LAST week we saw an attempted coup in the United States, incited by Donald Trump himself.

Shocking media images showed armed rioters storming the Capitol in a direct attack on democracy.

Boris Johnson said he rued the scenes, but failed to condemn Trump as their orchestrator. Priti Patel also refused. Should we be surprised?

The Trump project offered models to other authoritarian and nationalist politicians, such as using social media to stoke hate, which our own government followed.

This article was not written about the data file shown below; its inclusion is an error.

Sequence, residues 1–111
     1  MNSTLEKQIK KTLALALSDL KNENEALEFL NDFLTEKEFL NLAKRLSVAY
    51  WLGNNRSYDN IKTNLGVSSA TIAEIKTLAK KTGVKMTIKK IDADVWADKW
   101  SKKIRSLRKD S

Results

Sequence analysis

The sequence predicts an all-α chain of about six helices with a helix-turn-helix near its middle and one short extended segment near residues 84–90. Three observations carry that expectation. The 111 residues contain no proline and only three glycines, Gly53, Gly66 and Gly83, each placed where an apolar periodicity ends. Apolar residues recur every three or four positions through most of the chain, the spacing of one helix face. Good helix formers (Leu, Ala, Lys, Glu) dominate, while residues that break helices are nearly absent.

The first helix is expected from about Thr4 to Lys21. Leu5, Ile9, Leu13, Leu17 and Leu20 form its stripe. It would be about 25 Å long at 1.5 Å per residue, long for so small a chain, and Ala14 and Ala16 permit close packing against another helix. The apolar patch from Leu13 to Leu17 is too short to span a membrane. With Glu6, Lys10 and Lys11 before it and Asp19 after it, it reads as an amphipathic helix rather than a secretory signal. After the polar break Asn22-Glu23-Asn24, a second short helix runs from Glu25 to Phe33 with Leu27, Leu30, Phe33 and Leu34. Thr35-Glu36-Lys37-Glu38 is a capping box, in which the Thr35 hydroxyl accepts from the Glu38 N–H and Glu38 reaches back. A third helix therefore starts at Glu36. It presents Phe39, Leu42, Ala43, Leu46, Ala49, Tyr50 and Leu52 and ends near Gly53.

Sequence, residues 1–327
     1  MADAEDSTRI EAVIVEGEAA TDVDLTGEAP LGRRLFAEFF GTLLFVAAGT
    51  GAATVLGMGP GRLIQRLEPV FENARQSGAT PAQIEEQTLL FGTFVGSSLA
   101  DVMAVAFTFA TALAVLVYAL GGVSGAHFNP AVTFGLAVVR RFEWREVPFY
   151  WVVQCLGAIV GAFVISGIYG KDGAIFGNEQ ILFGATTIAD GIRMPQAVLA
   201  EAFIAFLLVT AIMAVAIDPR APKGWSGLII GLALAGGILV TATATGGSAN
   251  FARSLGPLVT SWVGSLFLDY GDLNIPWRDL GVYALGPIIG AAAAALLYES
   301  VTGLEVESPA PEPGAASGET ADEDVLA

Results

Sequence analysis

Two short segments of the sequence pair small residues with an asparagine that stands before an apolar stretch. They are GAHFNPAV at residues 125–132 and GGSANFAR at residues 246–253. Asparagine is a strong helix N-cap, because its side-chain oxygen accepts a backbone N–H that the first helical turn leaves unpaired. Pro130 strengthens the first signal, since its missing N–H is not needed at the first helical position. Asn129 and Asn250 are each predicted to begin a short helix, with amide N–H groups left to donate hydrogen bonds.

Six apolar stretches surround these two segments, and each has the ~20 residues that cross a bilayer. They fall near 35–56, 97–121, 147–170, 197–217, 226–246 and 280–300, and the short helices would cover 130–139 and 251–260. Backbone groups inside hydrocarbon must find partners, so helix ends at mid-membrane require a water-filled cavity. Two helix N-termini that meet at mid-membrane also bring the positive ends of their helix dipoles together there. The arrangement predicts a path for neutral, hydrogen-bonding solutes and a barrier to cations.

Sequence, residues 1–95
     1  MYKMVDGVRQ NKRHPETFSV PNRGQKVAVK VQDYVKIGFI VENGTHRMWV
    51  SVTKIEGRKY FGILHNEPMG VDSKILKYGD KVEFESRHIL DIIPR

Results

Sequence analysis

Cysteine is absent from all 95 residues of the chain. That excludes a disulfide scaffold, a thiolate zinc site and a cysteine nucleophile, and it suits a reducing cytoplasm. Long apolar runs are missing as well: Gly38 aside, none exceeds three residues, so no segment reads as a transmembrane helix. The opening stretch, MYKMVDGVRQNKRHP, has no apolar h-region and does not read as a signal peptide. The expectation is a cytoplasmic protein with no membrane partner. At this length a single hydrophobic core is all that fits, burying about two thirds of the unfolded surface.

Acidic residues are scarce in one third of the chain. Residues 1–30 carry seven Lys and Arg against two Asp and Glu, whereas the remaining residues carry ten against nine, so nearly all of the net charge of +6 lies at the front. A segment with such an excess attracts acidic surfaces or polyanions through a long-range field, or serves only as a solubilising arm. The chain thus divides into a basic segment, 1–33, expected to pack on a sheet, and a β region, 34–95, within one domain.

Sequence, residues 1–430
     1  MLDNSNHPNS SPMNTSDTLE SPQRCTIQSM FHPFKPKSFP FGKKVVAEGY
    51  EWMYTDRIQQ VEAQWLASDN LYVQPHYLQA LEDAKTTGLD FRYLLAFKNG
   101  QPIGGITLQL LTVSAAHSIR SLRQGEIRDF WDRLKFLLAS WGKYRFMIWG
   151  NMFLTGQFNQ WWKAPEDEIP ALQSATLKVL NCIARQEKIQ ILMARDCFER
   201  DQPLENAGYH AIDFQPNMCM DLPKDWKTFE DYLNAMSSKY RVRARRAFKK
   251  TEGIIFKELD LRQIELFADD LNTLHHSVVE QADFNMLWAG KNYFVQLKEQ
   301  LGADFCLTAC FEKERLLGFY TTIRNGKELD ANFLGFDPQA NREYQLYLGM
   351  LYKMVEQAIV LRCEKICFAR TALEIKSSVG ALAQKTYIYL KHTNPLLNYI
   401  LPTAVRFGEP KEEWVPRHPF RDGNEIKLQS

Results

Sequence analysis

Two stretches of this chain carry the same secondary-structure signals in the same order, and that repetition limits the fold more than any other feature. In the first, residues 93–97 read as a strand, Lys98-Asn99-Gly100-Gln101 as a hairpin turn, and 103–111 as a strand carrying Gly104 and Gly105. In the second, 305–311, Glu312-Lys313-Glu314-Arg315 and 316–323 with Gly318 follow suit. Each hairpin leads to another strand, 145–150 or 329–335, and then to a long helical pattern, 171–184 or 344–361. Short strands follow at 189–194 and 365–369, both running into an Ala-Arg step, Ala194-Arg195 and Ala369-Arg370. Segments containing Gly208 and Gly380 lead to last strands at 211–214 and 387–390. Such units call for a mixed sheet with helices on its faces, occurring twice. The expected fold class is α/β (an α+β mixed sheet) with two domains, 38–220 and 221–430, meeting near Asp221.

Nigel Farage and Steve Bannon embodied US/UK government links. Johnson denied that Bannon had advised him, but The Observer published a video proving it.

The Tories were first to welcome Trump’s victory, first to visit him, and he was invited on a UK state visit.

In 2018 Johnson said “I am increasingly admiring of Donald Trump”. Jacob Rees-Mogg said “Trump will be our greatest ally after Brexit”. Tory activists (in Northampton) were told to learn from his playbook by “weaponising fake news”.

The extreme right wing remains active, not only in the US but also here, and we should beware.

Richard Jones


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